Is this a sign of a bad audition?

Edited: June 19, 2018, 12:32 PM · Hi,

I recently had an audition for a local youth orchestra. Usually, we have to prepare a solo piece, excerpts and be ready for sight reading. However, in my solo and some excerpts they cut me off, and they skipped sightreading altogether. Is this a bad sign that I maybe didn't do so well and won't get into the orchestra?

BTW, I haven't had much experience with auditions, so sorry if I don't know much.

Replies (15)

Edited: June 19, 2018, 1:23 PM · How about this for an answer: It's either good or it's bad or it's neither. I'm sure you've gone over all the arguments for each of these three options in your mind already. One possibility is that they got behind in their schedule or had more auditions than they expected so they had to truncate whenever possible. Only you can say whether you demonstrated your full ability (apart from sight-reading, obviously). And remember you are gaining experience, which is a good outcome at your stage.
June 19, 2018, 3:28 PM · I have *never* cut off a student early because they were playing badly. In fact, I always give those students their minimum allotted time to avoid any sort of accusations of discriminatory treatment.

Students who blast through their first page of their concerto in great shape? We're stopping after the first page. Students who demonstrate the required technical mastery of the excerpts before reaching the end? We're stopping to save time.

I only do sight-reading if the student has played so badly that it is the one thing they can do to salvage their audition...after all, part of youth orchestra is teaching sight-reading skills so I don't feel that it is mandatory.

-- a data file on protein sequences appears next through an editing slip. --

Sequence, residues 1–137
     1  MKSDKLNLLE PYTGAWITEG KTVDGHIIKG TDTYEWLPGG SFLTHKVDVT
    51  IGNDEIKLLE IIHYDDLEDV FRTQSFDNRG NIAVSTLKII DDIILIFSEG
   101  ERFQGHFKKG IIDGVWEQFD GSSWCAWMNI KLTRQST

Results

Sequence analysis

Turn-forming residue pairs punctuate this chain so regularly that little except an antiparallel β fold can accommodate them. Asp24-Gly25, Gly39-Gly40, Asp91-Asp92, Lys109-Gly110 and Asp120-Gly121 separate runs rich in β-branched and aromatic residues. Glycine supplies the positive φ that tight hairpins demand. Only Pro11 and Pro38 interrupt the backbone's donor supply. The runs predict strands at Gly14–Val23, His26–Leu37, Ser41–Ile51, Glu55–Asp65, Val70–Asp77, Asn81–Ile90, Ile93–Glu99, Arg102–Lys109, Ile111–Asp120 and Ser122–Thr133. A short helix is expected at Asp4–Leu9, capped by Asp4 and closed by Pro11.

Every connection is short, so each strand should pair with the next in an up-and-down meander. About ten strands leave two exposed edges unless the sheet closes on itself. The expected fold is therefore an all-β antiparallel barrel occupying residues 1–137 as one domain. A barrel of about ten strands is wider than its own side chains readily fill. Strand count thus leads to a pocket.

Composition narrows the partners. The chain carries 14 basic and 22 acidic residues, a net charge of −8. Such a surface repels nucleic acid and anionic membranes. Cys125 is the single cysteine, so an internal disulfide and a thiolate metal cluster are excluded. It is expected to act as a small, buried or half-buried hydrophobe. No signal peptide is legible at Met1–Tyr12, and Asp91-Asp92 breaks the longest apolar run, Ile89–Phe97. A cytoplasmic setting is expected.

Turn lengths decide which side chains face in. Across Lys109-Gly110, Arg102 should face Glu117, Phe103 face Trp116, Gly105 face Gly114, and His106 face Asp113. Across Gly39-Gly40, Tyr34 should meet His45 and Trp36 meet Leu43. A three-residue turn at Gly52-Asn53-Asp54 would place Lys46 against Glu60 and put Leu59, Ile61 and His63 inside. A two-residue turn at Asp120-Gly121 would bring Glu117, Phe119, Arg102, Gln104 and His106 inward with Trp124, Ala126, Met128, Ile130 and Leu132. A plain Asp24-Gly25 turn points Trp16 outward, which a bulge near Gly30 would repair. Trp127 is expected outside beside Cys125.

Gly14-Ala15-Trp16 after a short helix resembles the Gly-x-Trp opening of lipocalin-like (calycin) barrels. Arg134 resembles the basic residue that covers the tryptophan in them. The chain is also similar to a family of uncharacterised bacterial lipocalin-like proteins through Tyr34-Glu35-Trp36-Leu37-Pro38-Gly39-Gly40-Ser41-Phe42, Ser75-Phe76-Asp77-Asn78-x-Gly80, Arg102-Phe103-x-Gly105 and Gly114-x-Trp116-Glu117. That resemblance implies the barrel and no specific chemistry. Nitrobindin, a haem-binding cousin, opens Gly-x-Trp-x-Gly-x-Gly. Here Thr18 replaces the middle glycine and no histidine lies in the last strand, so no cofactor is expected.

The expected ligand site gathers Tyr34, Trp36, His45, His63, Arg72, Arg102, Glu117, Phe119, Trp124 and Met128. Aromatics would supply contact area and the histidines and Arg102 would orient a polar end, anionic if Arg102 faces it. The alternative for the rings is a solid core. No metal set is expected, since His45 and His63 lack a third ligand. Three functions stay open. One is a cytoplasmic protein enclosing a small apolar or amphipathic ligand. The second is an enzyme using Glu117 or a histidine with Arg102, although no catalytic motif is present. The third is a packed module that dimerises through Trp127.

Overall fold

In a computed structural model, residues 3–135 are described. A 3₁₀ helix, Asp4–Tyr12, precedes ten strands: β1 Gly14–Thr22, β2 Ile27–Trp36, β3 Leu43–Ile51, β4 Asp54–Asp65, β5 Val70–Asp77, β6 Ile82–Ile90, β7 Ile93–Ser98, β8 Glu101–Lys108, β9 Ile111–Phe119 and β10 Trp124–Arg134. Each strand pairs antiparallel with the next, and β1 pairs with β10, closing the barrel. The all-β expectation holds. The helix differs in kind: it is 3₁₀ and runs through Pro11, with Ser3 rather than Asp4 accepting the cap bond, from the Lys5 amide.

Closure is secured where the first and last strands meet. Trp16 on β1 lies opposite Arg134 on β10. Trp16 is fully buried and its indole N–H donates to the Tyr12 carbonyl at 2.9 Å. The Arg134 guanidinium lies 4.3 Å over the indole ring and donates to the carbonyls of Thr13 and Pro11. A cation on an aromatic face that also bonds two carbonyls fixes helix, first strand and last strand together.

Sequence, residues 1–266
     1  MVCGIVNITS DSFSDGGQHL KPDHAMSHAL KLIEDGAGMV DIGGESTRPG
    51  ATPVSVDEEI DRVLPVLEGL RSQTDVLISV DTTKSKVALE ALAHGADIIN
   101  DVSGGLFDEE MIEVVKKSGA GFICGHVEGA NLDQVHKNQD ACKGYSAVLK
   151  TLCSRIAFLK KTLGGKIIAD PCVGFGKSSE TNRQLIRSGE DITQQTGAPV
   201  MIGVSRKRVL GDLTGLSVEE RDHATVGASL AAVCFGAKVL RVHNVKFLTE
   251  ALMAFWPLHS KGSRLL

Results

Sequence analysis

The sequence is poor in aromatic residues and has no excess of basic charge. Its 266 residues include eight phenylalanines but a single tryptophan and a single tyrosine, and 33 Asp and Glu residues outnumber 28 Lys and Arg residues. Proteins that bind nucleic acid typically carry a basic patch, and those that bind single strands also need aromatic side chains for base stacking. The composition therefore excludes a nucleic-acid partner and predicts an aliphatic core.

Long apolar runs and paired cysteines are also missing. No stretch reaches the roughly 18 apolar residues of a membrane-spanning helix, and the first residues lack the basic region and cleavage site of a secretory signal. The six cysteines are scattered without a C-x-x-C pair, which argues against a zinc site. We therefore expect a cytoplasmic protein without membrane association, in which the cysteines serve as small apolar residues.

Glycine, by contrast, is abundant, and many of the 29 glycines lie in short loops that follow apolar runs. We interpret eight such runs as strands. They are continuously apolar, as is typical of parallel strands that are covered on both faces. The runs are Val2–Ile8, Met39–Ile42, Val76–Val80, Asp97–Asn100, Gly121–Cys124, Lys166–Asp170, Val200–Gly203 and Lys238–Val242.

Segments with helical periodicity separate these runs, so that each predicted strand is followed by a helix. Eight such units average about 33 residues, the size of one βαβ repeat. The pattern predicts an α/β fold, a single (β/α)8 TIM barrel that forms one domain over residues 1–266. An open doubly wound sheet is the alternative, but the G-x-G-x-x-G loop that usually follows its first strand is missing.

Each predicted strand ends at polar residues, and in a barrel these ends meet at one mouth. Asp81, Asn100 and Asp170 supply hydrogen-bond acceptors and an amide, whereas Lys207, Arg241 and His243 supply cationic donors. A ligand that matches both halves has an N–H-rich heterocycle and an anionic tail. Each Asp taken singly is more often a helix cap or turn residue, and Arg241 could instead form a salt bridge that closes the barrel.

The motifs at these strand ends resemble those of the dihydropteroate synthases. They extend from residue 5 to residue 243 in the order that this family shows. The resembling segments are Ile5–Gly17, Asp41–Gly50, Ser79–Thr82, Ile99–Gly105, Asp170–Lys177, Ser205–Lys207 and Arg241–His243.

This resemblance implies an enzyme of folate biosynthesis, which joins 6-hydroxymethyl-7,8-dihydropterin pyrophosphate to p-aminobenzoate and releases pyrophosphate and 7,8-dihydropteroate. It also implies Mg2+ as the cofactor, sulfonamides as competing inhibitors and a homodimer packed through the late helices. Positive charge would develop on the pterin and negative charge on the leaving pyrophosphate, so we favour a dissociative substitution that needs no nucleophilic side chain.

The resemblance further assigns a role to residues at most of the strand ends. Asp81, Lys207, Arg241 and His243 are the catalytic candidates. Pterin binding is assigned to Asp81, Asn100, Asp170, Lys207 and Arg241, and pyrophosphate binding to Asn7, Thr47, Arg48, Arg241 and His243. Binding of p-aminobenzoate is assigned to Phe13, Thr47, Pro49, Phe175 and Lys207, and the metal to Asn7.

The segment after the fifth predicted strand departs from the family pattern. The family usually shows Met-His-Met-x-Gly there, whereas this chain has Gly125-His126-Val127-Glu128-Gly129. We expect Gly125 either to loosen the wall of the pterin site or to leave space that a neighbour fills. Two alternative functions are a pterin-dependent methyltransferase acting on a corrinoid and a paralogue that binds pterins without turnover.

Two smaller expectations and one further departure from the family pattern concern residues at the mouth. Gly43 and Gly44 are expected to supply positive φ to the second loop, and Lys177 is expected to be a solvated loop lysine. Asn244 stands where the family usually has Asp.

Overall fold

June 19, 2018, 3:42 PM · They were probably really short on time. You did your best, and overthinking about it won't change the results. :) Hope things turn out well for you!
June 19, 2018, 9:22 PM · I am positive they were just short on time.
June 19, 2018, 9:35 PM · Most of the time, you don’t play all the way through anything, especially not the solo repertoire.
Edited: June 21, 2018, 2:57 PM · I imagine an experienced audition judge will have a fairly solid idea of the auditionee's capabilities within a couple of minutes, starting with tuning up. For the record I should perhaps add that I've never been auditioned in my life.
Edited: June 20, 2018, 5:25 AM · Assuming this is for a youth orchestra, what Gene says is what I experienced in high school. I was stopped after playing two lines of my solo piece (1 minute), with no sightreading or excerpts. I was asked to be assistant concertmaster. In another audition where I was unprepared, they had me play all the way through a concerto movement, and my result was quite different.

Those are two extremes. It's pretty common to be stopped.

June 20, 2018, 6:48 AM · Ask yourself, how well did you play? It's kind of rude to cut you off too soon, but truth is, you can get a pretty good assessment of a player sometimes in 30 seconds -- intonation, rhythm, musicality, tone color. It doesn't take long.
June 20, 2018, 6:59 AM · I would look at it as a positive. They didn't feel like they needed to hear it.
June 20, 2018, 11:28 AM · Thank you to everyone!
July 1, 2018, 4:21 PM · UPDATE: I got into the highest level of my orchestra as concertmaster! Thank you everyone for easing my nerves and providing some great advice.
July 1, 2018, 4:32 PM · Congratulations!
July 1, 2018, 4:49 PM · That's wonderful! Congrats!! Dreams coming true!!!
July 2, 2018, 5:27 AM · Oh wow! :-) I was hoping you would report back. Congrats! Clearly, they were wowed and didn't need to hear more! :-)
July 2, 2018, 10:17 AM · Great!

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